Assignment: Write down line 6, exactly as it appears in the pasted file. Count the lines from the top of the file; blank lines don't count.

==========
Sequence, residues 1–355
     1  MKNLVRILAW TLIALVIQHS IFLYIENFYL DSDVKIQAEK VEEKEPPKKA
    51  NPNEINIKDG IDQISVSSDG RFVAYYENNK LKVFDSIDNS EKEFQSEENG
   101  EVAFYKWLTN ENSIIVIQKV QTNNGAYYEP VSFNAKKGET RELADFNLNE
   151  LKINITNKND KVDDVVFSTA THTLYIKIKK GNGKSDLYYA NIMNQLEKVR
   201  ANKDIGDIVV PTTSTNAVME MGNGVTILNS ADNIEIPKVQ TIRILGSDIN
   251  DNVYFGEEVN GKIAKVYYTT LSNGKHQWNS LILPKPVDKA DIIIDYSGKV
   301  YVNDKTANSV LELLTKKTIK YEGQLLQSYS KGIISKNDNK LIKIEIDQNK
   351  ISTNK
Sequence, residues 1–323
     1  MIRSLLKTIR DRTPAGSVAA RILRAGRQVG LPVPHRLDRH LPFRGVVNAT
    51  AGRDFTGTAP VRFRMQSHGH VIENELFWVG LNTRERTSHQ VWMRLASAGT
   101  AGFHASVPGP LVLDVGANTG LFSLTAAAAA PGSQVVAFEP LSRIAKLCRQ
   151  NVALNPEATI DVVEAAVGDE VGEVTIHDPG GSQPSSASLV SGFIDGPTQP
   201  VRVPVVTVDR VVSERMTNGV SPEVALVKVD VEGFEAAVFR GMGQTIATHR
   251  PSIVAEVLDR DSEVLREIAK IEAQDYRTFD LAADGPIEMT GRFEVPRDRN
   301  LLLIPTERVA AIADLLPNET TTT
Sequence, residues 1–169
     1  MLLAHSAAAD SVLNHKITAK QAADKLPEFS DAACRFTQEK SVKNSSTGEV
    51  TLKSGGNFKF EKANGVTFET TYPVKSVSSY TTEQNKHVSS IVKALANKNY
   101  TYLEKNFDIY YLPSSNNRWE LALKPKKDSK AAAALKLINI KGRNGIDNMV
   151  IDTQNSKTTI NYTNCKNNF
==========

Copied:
   201  ANKDIGDIVV PTTSTNAVME MGNGVTILNS ADNIEIPKVQ TIRILGSDIN